Do I have to get the vaccine?

No, vaccinations are not mandatory in the UK so you can choose not to have the vaccine. It is however recommended that you do. It may be the case that proof of vaccination becomes a requirement for entering other countries in the future.

How does the vaccine work?

Vaccines protect you from diseases by exposing your body to a harmless segment of the virus, or to its genetic material, which triggers your body’s immune response. Your body remembers this response and uses it if you are exposed to the disease later, providing you with a level of protection against that specific disease.

While different organisations are working on different vaccines for Covid-19, each different Covid-19 vaccine works in the same way: giving your body the instructions to create the antibodies needed to fight off coronavirus.

Do I have immunity immediately after I have had the vaccine?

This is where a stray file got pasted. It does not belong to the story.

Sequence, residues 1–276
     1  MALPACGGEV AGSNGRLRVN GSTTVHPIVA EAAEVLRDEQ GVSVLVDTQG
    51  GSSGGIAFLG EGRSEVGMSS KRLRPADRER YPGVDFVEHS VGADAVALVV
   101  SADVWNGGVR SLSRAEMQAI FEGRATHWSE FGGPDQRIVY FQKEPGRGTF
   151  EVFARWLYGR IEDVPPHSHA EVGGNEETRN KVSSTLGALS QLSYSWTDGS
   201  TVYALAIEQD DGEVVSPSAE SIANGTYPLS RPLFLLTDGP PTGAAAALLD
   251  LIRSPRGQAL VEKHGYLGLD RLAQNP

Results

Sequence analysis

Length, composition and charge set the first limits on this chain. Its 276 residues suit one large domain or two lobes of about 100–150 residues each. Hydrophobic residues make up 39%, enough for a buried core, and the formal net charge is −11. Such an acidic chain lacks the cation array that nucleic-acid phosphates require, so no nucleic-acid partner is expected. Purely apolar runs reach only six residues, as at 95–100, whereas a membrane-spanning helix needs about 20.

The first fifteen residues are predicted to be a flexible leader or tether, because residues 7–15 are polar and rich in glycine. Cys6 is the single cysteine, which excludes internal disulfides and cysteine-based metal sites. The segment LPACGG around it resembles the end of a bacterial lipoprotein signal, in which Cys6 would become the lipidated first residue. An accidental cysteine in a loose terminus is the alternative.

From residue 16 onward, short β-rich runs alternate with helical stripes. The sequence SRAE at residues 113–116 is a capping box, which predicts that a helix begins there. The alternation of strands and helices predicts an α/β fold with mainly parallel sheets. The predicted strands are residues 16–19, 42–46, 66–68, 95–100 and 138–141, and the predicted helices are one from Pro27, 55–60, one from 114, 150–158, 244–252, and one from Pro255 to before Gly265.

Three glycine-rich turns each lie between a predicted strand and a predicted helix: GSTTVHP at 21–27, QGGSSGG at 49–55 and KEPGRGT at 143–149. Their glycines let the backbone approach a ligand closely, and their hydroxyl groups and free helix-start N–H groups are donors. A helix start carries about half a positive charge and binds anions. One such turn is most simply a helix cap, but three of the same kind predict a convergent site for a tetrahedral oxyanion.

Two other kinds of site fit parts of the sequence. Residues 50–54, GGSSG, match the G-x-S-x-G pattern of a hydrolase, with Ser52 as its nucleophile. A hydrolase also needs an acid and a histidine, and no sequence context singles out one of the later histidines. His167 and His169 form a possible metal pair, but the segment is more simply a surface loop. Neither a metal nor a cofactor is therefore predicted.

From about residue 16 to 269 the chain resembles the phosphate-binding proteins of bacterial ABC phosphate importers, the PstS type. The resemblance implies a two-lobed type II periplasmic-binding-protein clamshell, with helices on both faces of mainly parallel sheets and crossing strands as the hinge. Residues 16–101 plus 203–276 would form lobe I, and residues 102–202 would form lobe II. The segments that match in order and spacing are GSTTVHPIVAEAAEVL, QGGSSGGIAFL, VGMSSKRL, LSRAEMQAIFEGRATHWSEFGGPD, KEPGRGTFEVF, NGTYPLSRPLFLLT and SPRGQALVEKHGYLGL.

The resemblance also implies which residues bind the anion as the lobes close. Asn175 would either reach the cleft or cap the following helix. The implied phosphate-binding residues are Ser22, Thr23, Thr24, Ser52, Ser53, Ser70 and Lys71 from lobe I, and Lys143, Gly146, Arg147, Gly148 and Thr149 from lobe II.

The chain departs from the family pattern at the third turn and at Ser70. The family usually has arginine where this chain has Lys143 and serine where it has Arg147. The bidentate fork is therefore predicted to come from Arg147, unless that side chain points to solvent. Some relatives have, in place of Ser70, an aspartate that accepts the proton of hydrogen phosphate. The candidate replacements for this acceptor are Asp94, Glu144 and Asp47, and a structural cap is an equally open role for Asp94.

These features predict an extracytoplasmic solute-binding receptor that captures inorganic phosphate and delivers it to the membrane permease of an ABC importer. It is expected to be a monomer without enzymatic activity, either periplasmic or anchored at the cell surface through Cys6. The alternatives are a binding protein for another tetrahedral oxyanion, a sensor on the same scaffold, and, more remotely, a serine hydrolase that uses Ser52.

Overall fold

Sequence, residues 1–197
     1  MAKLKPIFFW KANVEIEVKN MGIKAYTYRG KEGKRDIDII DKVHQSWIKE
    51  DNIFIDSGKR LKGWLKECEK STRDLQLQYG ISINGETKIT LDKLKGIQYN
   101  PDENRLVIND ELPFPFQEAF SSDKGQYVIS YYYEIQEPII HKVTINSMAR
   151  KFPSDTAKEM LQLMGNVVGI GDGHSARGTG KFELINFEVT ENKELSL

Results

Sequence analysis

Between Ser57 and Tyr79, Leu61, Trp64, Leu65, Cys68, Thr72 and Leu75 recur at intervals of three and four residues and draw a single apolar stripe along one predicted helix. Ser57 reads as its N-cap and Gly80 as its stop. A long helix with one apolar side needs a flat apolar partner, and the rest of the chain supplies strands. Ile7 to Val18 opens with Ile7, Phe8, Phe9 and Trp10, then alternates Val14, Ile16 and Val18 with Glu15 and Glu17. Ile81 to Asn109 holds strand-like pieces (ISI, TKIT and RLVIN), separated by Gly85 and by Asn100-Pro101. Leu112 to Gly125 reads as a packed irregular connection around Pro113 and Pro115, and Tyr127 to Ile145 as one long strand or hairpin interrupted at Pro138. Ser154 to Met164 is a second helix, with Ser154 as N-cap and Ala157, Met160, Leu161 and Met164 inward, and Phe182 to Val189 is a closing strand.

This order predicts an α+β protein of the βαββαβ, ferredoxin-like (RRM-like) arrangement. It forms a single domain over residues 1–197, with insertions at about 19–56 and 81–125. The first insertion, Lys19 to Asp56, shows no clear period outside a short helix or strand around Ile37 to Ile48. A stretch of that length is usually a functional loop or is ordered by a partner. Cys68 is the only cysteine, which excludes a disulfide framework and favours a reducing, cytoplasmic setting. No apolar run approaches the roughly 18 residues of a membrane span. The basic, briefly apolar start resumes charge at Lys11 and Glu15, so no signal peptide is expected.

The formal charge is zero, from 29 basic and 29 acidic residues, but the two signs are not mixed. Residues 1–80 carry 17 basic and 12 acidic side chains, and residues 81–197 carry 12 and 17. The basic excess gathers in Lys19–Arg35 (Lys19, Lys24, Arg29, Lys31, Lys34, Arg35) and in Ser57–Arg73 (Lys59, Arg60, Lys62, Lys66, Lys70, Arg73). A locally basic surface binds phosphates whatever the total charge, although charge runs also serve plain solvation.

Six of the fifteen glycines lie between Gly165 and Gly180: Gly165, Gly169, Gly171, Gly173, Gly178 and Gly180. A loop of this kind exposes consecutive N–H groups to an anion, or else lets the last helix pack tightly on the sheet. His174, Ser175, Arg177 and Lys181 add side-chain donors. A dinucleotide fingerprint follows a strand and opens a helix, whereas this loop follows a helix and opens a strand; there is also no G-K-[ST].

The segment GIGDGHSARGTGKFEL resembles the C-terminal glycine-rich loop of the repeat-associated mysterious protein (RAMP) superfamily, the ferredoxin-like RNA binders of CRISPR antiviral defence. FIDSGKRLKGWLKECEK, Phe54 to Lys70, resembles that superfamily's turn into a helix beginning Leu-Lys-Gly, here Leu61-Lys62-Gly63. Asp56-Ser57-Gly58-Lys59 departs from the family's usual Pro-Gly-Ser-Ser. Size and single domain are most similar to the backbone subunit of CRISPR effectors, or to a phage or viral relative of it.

No, it takes a few weeks after the first dose for your body to respond to the vaccine and create the immunity to COVID-19.

Do I need to get both doses?

Yes, if you want the maximum protection possible. The vaccine gives you a certain level of protection after the first dose but has been proven in trials to be most effective at protecting you from Covid-19 if you have had both doses.

What is the gap between the doses and why has it changed?

Initially, the two doses were given three to four weeks apart as this was the gap used in the trials. Now the Medicines & Healthcare products Regulatory Agency (MHRA) has decided to give the second dose 12 weeks after the first to provide a good level of protection to as many vulnerable people as quickly as possible.

Is there a difference between the vaccines? Will there be more new vaccines?

All the vaccines that have been approved for use in the UK have been shown to be effective against Covid-19. The UK Government has ordered doses of 7 different vaccines which will become available as they go through the MHRA approval process.

How effective is the COVID-19 vaccine?

Based on clinical trials, the three Covid-19 vaccines approved for use in the UK are all highly effective at preventing severe symptoms of coronavirus when administered properly after two doses.

The vaccine is administered in two doses given a few weeks apart. The first dose provides some immunity and the second dose provides the maximum immunity possible.